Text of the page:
I remember coming to in the recovery room. My legs needing to move but being unable to do so. I was shaking all over. "It's the anesthesia", the nurse said to me. It was also every part of me breaking into a thousand pieces. My baby, who had been such an integral part of me for the last 36 weeks, was gone. I felt empty. Gutted. My lucidity was patchy for this block of time. I know they wheeled me into my room. I know Mike and my parents were there. A nurse asked me if I wanted to see my baby. Of course I do, but I'm still kind of fuzzy headed. What if I don't remember her later? Is this all the time I will get? They told me I could see her as often as I'd like to. Relieved, I asked them to bring her to me.
A few minutes later, the nurse wheeled in a small cart. In the middle of the cart, bundled in a soft, white blanket, was a very still cocoon. It didn't rock or wiggle like you are used to seeing babies do. The head didn't shift slightly to one side or the other. That's because my baby had no life, no breath, no beat of heart. My baby was gone.
The nurse lifted up the bundle with every bit of care you'd do for any baby and placed her in my arms. She was heavy. (5 pounds, 1 ounce) And she fit in my arms as if she'd always belonged there. She was the most beautiful thing I have ever seen in all of my years on this Earth. Her eyes were closed and her mouth hung open slightly. Her perfect little mouth. Her father's mouth. Curved more at the top than the bottom. Her nose was mine. I pulled back the stocking cap to reveal what I already knew to be true. Her tiny, round head was covered in thick, black hair. Just like my head as a baby. Her cheeks were pink, but her skin was cold. I wrapped my index finger underneath her perfect hand. She was still and soft. Mike put his arm around me and we both sat there with our little one and we cried. Body shaking, face crumbling cried. This is CRAP! How can my baby be dead? We loved her so much, so hard, so deeply. Why wasn't that enough? I kissed her hands and her beautiful face. I traced my finger along her neck and the inside of her chest. I wanted to hold her in my arms for the rest of my life. But I couldn't. She had to go. There were realities that had to be faced. I'd see her one more time before never again. The next morning when my mother arrived, we'd hold her once more together with the same result. The nurse would come in my room on the third day at 5:30 in the morning to tell me the funeral home was ready for her and did I want to see her one last time. That time, I had to say no. Not because I didn't want to see her. There is nothing in the world I could possibly want more. I said no because I knew if I had her in my arms again, I would never let go. I would never willingly give her up. It was time to say goodbye.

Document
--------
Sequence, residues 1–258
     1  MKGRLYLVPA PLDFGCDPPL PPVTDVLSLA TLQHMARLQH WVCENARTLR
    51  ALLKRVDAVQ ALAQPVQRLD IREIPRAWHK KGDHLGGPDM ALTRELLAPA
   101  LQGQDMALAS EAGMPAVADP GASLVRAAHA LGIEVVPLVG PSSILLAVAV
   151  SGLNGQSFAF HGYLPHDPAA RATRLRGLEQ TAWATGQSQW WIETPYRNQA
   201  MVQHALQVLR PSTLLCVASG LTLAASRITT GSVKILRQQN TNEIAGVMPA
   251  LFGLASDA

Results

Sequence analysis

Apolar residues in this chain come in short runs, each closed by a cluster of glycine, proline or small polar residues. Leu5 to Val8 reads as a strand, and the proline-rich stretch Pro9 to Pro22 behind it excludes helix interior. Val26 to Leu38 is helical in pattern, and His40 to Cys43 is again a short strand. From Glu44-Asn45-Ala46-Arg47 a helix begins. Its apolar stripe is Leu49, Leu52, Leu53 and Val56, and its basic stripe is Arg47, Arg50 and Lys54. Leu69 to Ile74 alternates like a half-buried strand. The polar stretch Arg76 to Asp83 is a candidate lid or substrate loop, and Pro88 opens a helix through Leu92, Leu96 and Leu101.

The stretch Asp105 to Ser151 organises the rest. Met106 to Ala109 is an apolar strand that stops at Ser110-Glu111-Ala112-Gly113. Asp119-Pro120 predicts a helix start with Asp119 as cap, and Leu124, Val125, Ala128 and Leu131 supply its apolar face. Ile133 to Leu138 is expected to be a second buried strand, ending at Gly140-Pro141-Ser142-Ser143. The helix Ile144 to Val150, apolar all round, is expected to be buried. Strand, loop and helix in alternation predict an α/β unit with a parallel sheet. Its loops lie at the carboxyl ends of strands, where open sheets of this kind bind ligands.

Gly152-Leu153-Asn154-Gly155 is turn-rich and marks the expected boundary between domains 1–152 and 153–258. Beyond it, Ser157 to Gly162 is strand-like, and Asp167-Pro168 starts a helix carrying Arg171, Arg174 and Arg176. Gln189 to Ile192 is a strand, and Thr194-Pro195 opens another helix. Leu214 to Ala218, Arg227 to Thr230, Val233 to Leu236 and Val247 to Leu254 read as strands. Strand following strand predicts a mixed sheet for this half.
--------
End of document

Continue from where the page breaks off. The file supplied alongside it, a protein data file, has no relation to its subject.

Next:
So, now here I am. A mother without a child. It has been exactly one week since my baby left me, and I am still so very hollow. I feel empty and broken. I am starting this blog mostly for me. As a writer, I need to turn my feelings into words. My sorrow into sentences. It is the only way I can even attempt to make sense of this. I don't know if I ever will, but I am going to try. You are welcome to accompany me on my journey, but I make no promises of how smooth the ride will be. I expect very rough seas and very dark skies. My experience has taught me though, that every storm has an end. Every cloud eventually releases all of its rain. Every angry, bitter wind eventually calms into a warm and gentle breeze. This blog is the chronicle of my travels through this storm to the other side. One moment at a time.